According to Cisco’s 2021 Cyber Security Threat Trends report, phishing is the second most prevalent cyber attack after crypto mining. So it shouldn’t be a surprise that 86% of organizations have reports of at least one user trying to connect to a phishing site.

Phishing is also responsible for 90% of data breaches, which is a statistic that should make any organization sit up and take notice.

So what is phishing exactly?

Phishing is a cyberattack that uses email, text messages, or websites to trick people into clicking on links or downloading malicious files that install malware, such as viruses, on their devices. You’ve probably seen one: Attackers pose as a trusted entity, such as a co-worker, bank, or even the IRS, to try and get victims to click on malicious links or attachments. This gives attackers access to sensitive information on your device or connected networks, like passwords and financial details.

Phishing is dangerous because it only takes one person to fall for the attack for the whole organization to be at risk. Once an attacker has a foothold in the network, they can start snooping around for sensitive data or planting malware that can spread throughout the network.

The Age of Social Engineering 

Phishing is a type of ‘social engineering attack.’ Social engineering attacks exploit human psychology rather than technical vulnerabilities to gain access to systems or steal sensitive data. We’re all hardwired to trust people we know and like, which makes us more likely to let our guard down when we receive an email from someone we know or an organization we’re familiar with. And even if we’re suspicious of the email, we might still be tempted to click on a link out of curiosity.

In other words, it banks on insider risk, one of the biggest security threats to any organization. For example, an email that looks like it’s from the IT department asks the user to click on a link to reset their password. Once the user clicks on the link, they’re taken to a fake website where they’re asked to enter their login credentials. The attacker can then use those credentials to gain access to the system.

Phishing is just one type of social engineering attack. Other examples include baiting (offering free gifts or prizes), quid pro quo (requesting something in exchange for access to a system), and tailgating (physical access to a building or data center).

Examples of phishing attacks

Phishing attacks come in many different forms, but they all have one goal: to trick victims into clicking on a malicious link or attachment. Some of the most common include:

  • Email. Attackers send emails that look like they’re from a legitimate source, such as a co-worker, bank, or even the IRS. The email might contain a malicious link or attachment that, once clicked, will install malware on the victim’s device.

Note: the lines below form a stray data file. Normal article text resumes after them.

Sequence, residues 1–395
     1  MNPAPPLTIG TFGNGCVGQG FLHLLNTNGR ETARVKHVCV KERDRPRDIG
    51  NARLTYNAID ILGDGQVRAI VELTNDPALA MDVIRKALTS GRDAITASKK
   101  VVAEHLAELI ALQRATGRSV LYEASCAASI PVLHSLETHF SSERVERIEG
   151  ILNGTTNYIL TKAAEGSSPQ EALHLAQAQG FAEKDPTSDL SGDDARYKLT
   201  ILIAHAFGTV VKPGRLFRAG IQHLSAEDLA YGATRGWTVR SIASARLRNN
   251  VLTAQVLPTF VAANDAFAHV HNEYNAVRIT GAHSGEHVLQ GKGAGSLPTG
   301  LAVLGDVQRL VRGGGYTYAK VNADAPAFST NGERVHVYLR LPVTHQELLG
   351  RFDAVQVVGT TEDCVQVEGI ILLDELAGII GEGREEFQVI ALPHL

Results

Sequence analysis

• Text message (smishing). Attackers send text messages that look like they’re from a legitimate source, such as a bank or credit card company. The text message might contain a malicious link that, once clicked, will install malware on the victim’s device.
  • Voice (vishing). Attackers use phone calls or voicemails to trick victims into clicking on a malicious link. For example, an attacker might pose as a customer service representative and ask the victim to click on a link to reset their password. Once the victim clicks on the link, they’re taken to a fake website where they’re asked to enter their login credentials.
  • Spear phishing. Attackers send emails that look like they’re from legitimate, and personal, sources, such as a co-worker or boss. The email is personalized to the victim and might contain information only the victim would know, such as their login credentials or the name of their dog. This makes the email more convincing and increases the likelihood that the victim will click on the malicious link or attachment.
  • Whaling. Attackers send emails that look like they’re from a high-level executive, such as the CEO or CFO. The email might request sensitive information, such as financial data or login credentials.
  • Business email compromise (BEC). Attackers send emails that look like they’re from a legitimate business partner. The email might contain an invoice or other financial document that, once opened, will install malware on the victim’s device.
  • Microsoft 365 phishing. Attackers send emails that look like they’re from Microsoft, with a login request that provides a seemingly good reason, like a problem with the account or the need to reset the password. Of course, a URL is included that might take the victim to a fake page where their credentials can be harvested, or it might download malware. The malware might steal data for the device or even use the victim’s machine to attack other devices on the network.
  • Social media phishing. Attackers create fake social media profiles to friend or follow victims. They might then send a direct message that contains a malicious link.
A vector image of the same marionette being led by strings towards a hole in the ground

What’s a common indicator of a phishing attempt?

How can you tell if an email, text message, or phone call is a phishing attempt? There are a few common indicators: